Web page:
Still Committed to Change Four Years Later

PAEA shares information about a few common cultural or religious observations to help faculty and staff create a welcoming and inclusive environment for their colleagues, students, and communities. The information we share is not intended to be advocacy, and it is not a complete description of these events or observances. Interested members are encouraged to seek out more information online or through people in your school or local communities.

Say his name. I can’t breathe. Black Lives Matter. May 2020 remains one of the most pivotal times in recent history for calls for anti-racism and equity in all areas of our country.

Following the murder of George Floyd in Minneapolis, Minnesota, on May 25, 2020, we were too stunned to fully process the shocking and senseless violence. In disbelief of what we were witnessing and while holding back the pain and tears from the numerous previous murders, including Ahmaud Arbery and Breonna Taylor, we watched the outpouring of protests and marches across the world to turn that pain into purpose.

During the next weeks, we saw a variety of pledges and commitments from corporate America to solve the deep systemic challenges that exist. Individuals pledged to begin reckoning with their role in perpetuating racism. Churches and religious organizations banded together to dismantle racial barriers. Systemic racism was given a name, a face, and a voice to begin calling out how it still plagues the Black community and other communities of color.

I dare to say we had hope that, as a country, we would get it right and that we would sustain the movement toward justice. However, four years later, we find ourselves as a nation still grappling with justice, equity, diversity, and inclusion.

Those same organizations that pledged billions of dollars for EDI positions and best hiring practices have stopped the flow of money. Education institutions are removing staff and faculty who educate and lead through an EDI-centered approach. Policies at the state and federal levels are restricting access to EDI practices in hiring and affirmative action in admissions. Books and curricula that discuss systemic racism and other issues of equity are being banned from schools and libraries. And, once again, we are left in disbelief of the many ways that we see and experience the continuation of injustices in many forms across our country.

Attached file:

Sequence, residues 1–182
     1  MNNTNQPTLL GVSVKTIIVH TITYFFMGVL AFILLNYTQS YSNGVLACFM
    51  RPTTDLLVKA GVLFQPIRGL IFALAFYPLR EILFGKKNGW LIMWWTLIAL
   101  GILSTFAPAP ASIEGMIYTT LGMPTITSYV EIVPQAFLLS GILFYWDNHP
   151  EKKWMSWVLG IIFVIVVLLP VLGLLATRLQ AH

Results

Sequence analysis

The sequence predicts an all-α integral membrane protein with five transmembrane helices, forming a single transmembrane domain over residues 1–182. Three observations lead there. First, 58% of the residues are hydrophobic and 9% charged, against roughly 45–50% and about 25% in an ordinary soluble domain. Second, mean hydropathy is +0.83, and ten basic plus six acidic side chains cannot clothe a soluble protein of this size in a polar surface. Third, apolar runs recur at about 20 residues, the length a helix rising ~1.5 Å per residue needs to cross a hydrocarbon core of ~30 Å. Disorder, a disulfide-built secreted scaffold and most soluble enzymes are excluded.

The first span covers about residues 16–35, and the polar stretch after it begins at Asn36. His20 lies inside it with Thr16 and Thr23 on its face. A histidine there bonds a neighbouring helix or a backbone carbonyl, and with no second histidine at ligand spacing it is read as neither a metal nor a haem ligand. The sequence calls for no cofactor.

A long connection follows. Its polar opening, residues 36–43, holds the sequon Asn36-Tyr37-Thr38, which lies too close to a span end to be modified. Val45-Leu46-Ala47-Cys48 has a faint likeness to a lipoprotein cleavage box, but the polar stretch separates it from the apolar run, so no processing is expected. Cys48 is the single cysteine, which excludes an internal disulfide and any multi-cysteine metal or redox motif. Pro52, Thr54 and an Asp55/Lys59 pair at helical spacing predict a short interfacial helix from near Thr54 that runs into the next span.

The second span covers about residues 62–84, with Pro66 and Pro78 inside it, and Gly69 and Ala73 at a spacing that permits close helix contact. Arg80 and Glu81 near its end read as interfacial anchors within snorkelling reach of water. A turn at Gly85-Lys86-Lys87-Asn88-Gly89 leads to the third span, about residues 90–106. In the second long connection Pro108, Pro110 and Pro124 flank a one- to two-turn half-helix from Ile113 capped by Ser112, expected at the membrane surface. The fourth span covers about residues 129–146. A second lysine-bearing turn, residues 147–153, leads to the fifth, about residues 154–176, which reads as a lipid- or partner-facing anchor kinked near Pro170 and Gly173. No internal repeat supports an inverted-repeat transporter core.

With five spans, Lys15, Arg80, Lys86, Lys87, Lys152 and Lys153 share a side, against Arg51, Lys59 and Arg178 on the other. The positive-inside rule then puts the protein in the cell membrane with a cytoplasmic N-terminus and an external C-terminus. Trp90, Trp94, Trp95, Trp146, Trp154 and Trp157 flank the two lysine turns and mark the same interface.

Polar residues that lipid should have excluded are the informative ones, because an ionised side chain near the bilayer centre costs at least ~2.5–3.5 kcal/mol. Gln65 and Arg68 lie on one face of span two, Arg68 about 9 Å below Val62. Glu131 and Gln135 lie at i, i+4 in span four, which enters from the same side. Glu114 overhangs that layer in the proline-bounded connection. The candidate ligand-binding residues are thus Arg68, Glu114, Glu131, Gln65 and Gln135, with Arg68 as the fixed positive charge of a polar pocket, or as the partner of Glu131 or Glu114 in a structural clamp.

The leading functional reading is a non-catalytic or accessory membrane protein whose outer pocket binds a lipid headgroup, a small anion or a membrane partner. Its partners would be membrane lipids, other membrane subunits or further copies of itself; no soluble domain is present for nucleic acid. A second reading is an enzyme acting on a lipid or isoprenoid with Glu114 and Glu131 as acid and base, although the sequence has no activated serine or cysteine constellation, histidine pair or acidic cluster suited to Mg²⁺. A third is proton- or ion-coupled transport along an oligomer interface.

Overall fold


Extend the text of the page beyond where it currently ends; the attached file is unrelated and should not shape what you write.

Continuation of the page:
PAEA is fundamentally committed to EDI principles. As we continue to hold space for George Floyd, it is also an opportunity to remember the many commitments made to equity, diversity, inclusion, and justice and to do the work to fill the widening gaps.

Member programs are encouraged to work with their university leaders to understand policies and laws in their states that are shifting the EDI work. Faculty and staff can use tools like the PA Programs Admissions Resources Guide to evaluate their student recruitment practices and work to increase representation of the global majority populations within their program.The PAEA Diversity, Equity & Inclusion Toolkit can help in creating inclusive environments for faculty and staff from historically excluded communities and sustaining opportunities for impromptu experiences that enhance learning and our cultural awareness and humility.And, most importantly, do not let what is working against us, stop us from doing the work to develop healthcare providers and leaders who are better equipped to care for an increasingly diverse population.

As an organization, PAEA leads through an equity lens and works to provide resources for our members that equip them to do the same. Despite changes to the state and federal policies that may make the work more challenging, we find ways to lean into what we can push forward. PAEA has codified our commitment to equity, diversity, inclusion, and justice in our strategic plan. This work will remain at the forefront of all that we do, and we will be a resource for our members as we navigate the known and unknown of our changing political landscape. It is not an option to backtrack our work…our students and their patients depend on all of us.